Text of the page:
• Custom: Taking off shoes before entering a temple or mosque or church.
  • Belief: For cleanliness/bringing in pollution to the house and goddesses disrespect etc. Custom is the religious habit which continues from generation to generation.
  • They are behaviour acquired in a society over a period of time and they differ from area to area and culture to culture.
    Customs are social habits as they are done in a group.
  • People can be pressurised by society to follow customs. They are concerned with
    the individual or family’s behaviour. Pressure from family, friends, teachers, ~~
    society.
  • You want that person to behave in accordance with that custom whether they like it or not.
  • Why do we have customs?

There is no homogeneity-everyone has his own customs.
Custom strengthens your relationships and keeps you in touch with your culture and makes you different from others.

Question 2.
Why do we need custom/culture?
Answer:
We need material culture for survival (clothes, food) etc. Material culture refers to the basic conditions which generally include material culture that the members of the society have and are (car, science/technology/food etc.) as they are instruments of production, communication and transportation.

  • It is important to increase the production which leads to a good standard of living.
  • Both material/non material cultures are important.
  • If we do not have material culture we will become like primitive man and have no status in society.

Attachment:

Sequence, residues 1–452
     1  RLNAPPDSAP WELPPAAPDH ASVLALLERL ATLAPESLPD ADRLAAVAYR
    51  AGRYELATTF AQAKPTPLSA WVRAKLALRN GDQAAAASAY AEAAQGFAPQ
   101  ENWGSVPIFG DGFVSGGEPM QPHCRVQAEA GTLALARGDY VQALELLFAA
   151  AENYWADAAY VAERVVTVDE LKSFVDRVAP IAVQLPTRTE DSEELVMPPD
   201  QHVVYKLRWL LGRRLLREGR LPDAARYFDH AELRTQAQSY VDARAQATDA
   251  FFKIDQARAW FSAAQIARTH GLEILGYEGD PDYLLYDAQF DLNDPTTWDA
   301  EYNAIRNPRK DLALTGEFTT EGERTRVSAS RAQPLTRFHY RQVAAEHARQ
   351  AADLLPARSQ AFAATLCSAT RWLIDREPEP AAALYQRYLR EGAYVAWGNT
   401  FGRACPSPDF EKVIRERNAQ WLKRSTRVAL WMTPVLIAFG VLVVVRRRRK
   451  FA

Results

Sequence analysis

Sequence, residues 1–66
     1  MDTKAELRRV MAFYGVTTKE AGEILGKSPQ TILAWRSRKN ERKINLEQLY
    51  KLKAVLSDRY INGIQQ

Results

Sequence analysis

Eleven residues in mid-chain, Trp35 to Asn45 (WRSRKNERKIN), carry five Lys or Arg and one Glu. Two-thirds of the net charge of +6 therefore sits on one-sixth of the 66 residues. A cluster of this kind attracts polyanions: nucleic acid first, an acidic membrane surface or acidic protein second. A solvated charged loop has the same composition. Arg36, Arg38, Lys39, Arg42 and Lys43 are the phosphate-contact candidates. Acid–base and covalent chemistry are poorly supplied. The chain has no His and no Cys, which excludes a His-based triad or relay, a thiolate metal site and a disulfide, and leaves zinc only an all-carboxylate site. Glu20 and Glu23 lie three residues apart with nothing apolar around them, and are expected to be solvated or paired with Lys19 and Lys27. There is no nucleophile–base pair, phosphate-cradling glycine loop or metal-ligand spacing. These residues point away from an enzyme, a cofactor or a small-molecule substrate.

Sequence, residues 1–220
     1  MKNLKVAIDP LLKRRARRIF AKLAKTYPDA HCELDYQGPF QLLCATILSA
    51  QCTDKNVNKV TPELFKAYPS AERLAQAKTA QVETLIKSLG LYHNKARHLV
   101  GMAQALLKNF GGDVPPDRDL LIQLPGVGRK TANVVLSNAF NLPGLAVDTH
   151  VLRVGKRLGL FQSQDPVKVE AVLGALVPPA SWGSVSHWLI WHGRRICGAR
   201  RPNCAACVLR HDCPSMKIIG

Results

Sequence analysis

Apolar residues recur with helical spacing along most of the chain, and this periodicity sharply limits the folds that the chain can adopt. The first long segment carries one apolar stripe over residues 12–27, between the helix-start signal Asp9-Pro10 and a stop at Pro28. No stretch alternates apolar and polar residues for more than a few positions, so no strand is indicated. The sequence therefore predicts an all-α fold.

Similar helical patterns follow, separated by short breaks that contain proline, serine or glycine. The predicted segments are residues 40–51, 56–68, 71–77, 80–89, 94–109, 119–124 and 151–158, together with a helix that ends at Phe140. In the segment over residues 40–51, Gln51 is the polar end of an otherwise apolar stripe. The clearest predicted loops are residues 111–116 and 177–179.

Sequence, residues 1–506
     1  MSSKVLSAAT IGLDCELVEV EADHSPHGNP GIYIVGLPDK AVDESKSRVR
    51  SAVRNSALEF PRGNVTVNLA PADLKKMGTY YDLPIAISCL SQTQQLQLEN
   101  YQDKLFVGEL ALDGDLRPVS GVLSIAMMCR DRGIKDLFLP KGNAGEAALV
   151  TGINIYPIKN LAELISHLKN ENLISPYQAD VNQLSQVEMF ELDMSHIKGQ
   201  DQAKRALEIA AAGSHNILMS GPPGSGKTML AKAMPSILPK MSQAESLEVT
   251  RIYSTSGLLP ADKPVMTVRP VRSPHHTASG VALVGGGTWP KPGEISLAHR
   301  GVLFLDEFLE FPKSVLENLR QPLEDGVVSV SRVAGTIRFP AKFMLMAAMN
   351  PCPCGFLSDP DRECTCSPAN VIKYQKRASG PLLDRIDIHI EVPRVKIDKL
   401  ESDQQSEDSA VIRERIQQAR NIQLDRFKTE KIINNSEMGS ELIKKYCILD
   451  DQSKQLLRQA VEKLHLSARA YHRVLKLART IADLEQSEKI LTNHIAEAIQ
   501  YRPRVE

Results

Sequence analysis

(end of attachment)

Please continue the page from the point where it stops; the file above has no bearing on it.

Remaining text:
• N.M.C is required as the need to have certain standards, values, discipline etc. otherwise there will be homogeneity in society.

Drawbacks of Material Culture
It creates distinction between people that leads to ‘ethnocentism’.
Sometimes it leads to status symbols and brings a feeling of superiority and inferiority. NMC makes you a good human being. It’s awesome.

Question 3.
How culture is related to identity?
Answer:
Culture and Identity
“Your identity is shaped by your culture”.
Culture influences the way we behave, it influences the personality of individuals.

  • Personality can be shaped both by ‘nature’ and ‘nurture’.
  • Each person has status in the society and has corresponding roles which are played as per the culture of that society.
  • Carrying out the role is not as important as the society accepting and acknowledging that particular role.
  • Each group has its own culture which differs from place to place, society to society.
  • They create their own codes, rules etc. which have a certain meaning to that particular group.

Question 4.
What is culture?
Answer:
Culture includes behavioural products of others who preceded us. It indicates both substantial and abstract particulars that have prior existence in one form or another. Thus, culture is already there as we begin life. It contains values that will be expressed and a language in which to express. It contains a way of life that will be followed by most of us who grow up in that context. Social and cultural contexts within which human development takes place vary widely over time and place. For example, some twenty years ago children in India would not have known several products that are now part of a child’s world. Similarly an Adivasi living in a remote forest or hilly area would not have “pizza” or “sandwich” as breakfast.

Question 5.
What is cultural transmission?
Answer:

  • As human beings we are both biological and socio-cultural creatures. As biological creatures, we have certain vital needs. Their fulfilment enhances our chances of surviving.
  • In fulfilling these needs we use most of our acquired skills. We also have a highly developed capacity to benefit from experiences of our own and those of others. No other creature has learning capacity to the same extent as we have. No other creature has created an organized system of learning, called education, and none in this universe wants to learn as much as we do.